deny   ip any 127.0.0.0 0.255.255.255
      permit ip any any

    interface Vlan x
     ip access-group block_loopback in


Control Plane Policing (CoPP) can be used to block traffic with a
destination IP address in the 127.0.0.0/8 address range sent to the
device. Cisco IOS Software releases 12.0S, 12.2SX, 12.2S, 12.3T,
12.4, and 12.4T support the CoPP feature. CoPP may be configured on a
device to protect the management and control planes to minimize the
risk and effectiveness of direct infrastructure attacks. CoPP
protects the management and control planes by explicitly permitting
only authorized traffic that is sent to infrastructure devices in
accordance with existing security policies and configurations.


    !-- Permit all traffic with a destination IP
    !-- addresses in the 127.0.0.0/8 address range sent to
    !-- the affected device so that it will be policed and
    !-- dropped by the CoPP feature
    !

    access-list 111 permit icmp any 127.0.0.0 0.255.255.255
    access-list 111 permit udp any 127.0.0.0 0.255.255.255
    access-list 111 permit tcp any 127.0.0.0 0.255.255.255
    access-list 111 permit ip any 127.0.0.0 0.255.255.255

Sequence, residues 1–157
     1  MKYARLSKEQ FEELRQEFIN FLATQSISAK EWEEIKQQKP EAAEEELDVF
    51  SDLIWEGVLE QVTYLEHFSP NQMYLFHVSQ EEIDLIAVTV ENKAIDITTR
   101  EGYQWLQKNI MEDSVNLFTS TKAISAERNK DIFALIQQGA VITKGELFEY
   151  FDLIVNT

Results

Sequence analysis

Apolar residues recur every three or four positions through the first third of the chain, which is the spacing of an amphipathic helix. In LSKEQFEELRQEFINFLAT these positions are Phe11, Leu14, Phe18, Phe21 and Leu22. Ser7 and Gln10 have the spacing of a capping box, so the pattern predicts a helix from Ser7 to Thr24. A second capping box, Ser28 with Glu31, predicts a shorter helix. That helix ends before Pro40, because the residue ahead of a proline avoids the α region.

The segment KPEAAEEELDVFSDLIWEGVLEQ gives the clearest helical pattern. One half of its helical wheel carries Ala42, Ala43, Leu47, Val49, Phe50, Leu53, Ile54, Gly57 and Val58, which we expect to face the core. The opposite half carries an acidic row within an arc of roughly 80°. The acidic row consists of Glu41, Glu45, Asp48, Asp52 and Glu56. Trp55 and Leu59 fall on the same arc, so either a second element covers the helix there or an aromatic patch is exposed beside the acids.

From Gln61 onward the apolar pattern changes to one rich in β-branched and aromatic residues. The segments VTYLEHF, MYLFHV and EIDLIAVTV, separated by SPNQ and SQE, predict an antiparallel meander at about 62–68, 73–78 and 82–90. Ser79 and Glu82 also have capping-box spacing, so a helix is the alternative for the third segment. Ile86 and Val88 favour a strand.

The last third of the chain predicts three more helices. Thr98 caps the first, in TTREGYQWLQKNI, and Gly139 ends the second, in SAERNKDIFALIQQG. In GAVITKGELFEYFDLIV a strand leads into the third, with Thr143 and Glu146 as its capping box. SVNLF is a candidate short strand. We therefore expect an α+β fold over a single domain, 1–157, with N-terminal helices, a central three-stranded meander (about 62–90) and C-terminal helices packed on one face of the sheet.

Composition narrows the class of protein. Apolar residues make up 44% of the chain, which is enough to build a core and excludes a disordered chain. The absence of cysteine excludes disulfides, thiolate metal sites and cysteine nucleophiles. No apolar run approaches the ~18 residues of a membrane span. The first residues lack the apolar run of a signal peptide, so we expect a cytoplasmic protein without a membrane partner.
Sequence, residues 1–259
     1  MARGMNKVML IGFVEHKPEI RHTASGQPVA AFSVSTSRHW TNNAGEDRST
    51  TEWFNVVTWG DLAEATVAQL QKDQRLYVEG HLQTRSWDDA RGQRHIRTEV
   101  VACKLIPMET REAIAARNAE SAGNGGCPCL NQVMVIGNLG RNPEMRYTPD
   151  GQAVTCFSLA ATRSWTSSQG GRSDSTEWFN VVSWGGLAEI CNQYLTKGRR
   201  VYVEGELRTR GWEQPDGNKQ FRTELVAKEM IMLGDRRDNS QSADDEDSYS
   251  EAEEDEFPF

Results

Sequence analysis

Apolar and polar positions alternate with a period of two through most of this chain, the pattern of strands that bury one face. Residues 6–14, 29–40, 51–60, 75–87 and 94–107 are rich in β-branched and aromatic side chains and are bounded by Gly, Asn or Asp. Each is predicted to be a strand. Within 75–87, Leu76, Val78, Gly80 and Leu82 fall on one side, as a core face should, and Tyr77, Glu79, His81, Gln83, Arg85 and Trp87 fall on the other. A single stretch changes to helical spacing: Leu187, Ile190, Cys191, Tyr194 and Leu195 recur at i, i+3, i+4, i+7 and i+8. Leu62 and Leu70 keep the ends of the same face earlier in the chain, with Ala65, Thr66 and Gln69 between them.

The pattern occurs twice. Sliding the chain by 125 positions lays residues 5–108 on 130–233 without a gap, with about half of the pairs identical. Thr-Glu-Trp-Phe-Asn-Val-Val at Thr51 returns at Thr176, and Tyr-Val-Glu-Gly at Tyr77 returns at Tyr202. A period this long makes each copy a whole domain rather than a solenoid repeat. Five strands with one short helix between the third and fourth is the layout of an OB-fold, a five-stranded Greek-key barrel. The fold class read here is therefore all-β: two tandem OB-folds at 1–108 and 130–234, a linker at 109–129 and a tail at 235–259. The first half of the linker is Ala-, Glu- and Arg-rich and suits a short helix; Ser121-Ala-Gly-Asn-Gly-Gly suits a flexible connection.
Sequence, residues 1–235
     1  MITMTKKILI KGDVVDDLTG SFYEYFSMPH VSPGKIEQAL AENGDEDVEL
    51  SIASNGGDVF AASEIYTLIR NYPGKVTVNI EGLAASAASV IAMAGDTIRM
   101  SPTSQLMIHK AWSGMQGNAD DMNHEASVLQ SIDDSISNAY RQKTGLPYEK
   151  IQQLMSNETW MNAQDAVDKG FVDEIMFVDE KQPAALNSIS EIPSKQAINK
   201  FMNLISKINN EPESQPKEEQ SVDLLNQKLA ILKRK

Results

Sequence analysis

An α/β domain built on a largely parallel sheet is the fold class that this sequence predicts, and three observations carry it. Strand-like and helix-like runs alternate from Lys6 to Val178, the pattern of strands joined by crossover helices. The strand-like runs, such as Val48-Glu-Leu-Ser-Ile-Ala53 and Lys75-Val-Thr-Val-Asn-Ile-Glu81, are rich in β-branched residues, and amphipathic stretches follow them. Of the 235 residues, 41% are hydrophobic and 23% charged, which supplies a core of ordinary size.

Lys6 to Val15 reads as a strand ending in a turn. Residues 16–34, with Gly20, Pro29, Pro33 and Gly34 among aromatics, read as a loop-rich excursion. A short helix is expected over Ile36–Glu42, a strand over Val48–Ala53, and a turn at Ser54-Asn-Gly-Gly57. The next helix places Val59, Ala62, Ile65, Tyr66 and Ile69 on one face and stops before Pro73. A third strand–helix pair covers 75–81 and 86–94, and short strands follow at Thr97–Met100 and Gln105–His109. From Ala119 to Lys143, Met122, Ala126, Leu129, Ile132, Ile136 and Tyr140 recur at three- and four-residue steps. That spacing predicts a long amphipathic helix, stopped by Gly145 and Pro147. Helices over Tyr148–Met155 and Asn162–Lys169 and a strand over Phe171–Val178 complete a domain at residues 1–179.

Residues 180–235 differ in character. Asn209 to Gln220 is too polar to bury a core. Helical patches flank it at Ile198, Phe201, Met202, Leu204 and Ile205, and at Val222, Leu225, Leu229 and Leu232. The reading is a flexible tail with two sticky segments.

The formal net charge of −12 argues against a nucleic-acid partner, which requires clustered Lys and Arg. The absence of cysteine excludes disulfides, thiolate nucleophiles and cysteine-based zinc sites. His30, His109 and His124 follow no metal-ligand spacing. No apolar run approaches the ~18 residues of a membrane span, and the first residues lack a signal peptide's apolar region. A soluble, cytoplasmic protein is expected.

!
    !-- Permit (Police or Drop)/Deny (Allow) all other Layer3
    !-- and Layer4 traffic in accordance with existing security
    !-- policies and configurations for traffic that is authorized
    !-- to be sent to infrastructure devices
    !
    !-- Create a Class-Map for traffic to be policed by the
    !-- CoPP feature
    !

    class-map match-all drop-127/8-netblock-class
      match access-group 111

    !
    !-- Create a Policy-Map that will be applied to the
    !-- Control-Plane of the device.
    !

    policy-map drop-127/8-netblock-traffic
      class drop-127/8-netblock-class
        police 32000 1500 1500 conform-action drop exceed-action drop

    !
    !-- Apply the Policy-Map to the Control-Plane of the
    !-- device
    !

    control-plane
      service-policy input drop-127/8-netblock-traffic

    !



Additional information on the configuration and use of the CoPP
feature is available at the following links:

http://www.cisco.com/en/US/products/ps6642/products_white_paper0900aecd804fa16a.shtml

http://www.cisco.com/en/US/products/sw/iosswrel/ps1838/products_feature_guide09186a008052446b.html

Infrastructure Access Control Lists (iACLs) are also considered a
network security best practice and should be considered as, long-term
additions to effective network security as well as a workaround for
this specific issue. The white paper entitled "Protecting Your Core:
Infrastructure Protection Access Control Lists" presents guidelines
and recommended deployment techniques for infrastructure protection
ACLs. The white paper is available at the following link:

http://www.cisco.com/warp/public/707/iacl.html

Additional mitigations that can be deployed on Cisco devices within
the network are available in the Cisco Applied Intelligence companion
document for this response:

http://www.cisco.com/warp/public/707/cisco-air-20070926-lb.shtml

Additional Information
======================

THIS DOCUMENT IS PROVIDED ON AN "AS IS" BASIS AND DOES NOT IMPLY ANY